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Claudio Silva wonders if he has to attack ‘tap machine’ Conor McGregor in Ireland to get attention

MMA: UFC Fight Night-London-Roberts vs Silva
Claudio Silva won 14 in a row since 2007, including five under the UFC banner.
Steve Flynn-USA TODAY Sports

Brazilian welterweight Claudio Silva is undefeated in five UFC appearances, which include a win over Leon Edwards and a trio of submissions. But he wonders if he has to start doing things outside the Octagon to get the attention he feels he’s deserved.

“Hannibal” returned from a 61-month layoff between 2014 and 2018 to submit Nordine Taleb, Danny Roberts and Cole Williams in the Octagon. He hoped the promotion would give him a top-ranked opponent at UFC Brasilia, a Fight Night show scheduled for March 14 in Brazil, or a week later at UFC London.

Silva is still waiting.

“I see a lot of people get signed and booked to fight in Brasilia, but the UFC still don’t know what’s next for me,” he told MMA Fighting. “Nothing against those fighters, but I’m 5-0 in the UFC and deserve more attention.”

Silva hasn’t lost since his professional MMA debut in 2007, winning 14 straight. Aiming to face a top-15 opponent in his next bout, the 37-year-old welterweight is frustrated enough to contemplate unusual ways of getting attention.

“If I’m beating everyone and still not getting someone ranked, I’ll go after Conor McGregor in Ireland and leave him unconscious in the middle of the street, since he’s the tap machine,” Silva said. “That’s one of the plans I have, but I’m sure I’d get kicked out of the organization if I do that. That’s some gangster sh*t. I think I would get arrested. McGregor would go to the police station and press charges against me.”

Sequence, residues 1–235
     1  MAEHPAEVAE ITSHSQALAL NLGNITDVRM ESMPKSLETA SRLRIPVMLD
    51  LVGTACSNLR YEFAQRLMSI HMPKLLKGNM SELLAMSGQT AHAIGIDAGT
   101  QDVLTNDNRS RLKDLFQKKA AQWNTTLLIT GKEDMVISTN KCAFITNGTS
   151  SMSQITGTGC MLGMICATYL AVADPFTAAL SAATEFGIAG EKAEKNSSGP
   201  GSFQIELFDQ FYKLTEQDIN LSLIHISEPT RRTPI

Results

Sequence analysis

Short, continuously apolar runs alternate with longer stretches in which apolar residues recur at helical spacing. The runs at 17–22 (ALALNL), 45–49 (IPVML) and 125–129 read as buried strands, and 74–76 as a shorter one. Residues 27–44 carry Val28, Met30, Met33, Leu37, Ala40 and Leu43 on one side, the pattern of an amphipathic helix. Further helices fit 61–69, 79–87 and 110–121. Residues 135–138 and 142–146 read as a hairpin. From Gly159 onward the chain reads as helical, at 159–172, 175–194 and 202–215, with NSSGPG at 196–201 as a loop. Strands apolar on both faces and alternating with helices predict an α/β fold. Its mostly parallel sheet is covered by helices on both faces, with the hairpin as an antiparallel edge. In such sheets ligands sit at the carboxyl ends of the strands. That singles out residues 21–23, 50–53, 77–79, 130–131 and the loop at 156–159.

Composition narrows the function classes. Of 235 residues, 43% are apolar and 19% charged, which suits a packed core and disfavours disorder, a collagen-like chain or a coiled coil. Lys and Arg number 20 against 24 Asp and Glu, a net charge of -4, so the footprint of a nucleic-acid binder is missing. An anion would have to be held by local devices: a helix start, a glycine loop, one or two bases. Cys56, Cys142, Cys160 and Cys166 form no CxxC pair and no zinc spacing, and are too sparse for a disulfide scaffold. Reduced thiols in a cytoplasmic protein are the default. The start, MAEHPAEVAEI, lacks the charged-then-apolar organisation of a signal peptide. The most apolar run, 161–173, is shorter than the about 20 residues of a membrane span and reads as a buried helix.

Silva is so “disgusted” with the UFC official ranking that he doesn’t even look at it anymore. Therefore, he mentions names like Matt Brown – who’s fresh off a comeback win over Ben Saunders at UFC 245 – and Carlos Condit as fighters he’d like to face next; neither is currently ranked among the 15 best at welterweight.

“Look at my wins, look at the guys I’ve beaten,” Silva said. “If I don’t fight in Brasilia, I’ve already told them to put me in the London card. I want to be the main event in London. I beat Leon Edwards. He has a bigger name, but I beat him. I want a ranked opponent, but they don’t give me one.

“How am I going to (be in the) top 15 if ranked fighters are scared to fight me? The UFC should force them to fight me. Imagine if the UFC offered me a fight with Nordine Taleb after a four-year layoff and I said no because he was too tough? I went there and beat him up. Simple.

“Their guys are all wussies. My record, my life story scares them, or maybe my performances, or my nickname. They are afraid. Everyone talks like gangsters, but when a real gangster comes, they run away.”

Silva wonders even more why he’s not in heavy rotation considering he speaks both Portuguese and English and is 3-0 with three submissions since returning from a series of injuries.

“When an American wrestler gets someone down, ground and pound him and finishes a fight, they say wrestling is the big deal,” Silva said. “When I do that, they say it’s boring. I fight to win. Take you down, elbow to the face, get your back and choke you out.

“I’m a fighter, I’m here to be effective. I’m not here for a show. Many guys just put on a show and lose, and get a pat on the back with a, ‘You lost in spectacular fashion.’ F*** you!’ I fight to win. You want a show? Go to Moulin Rouge or Cirque du Soleil. This is a fight.”

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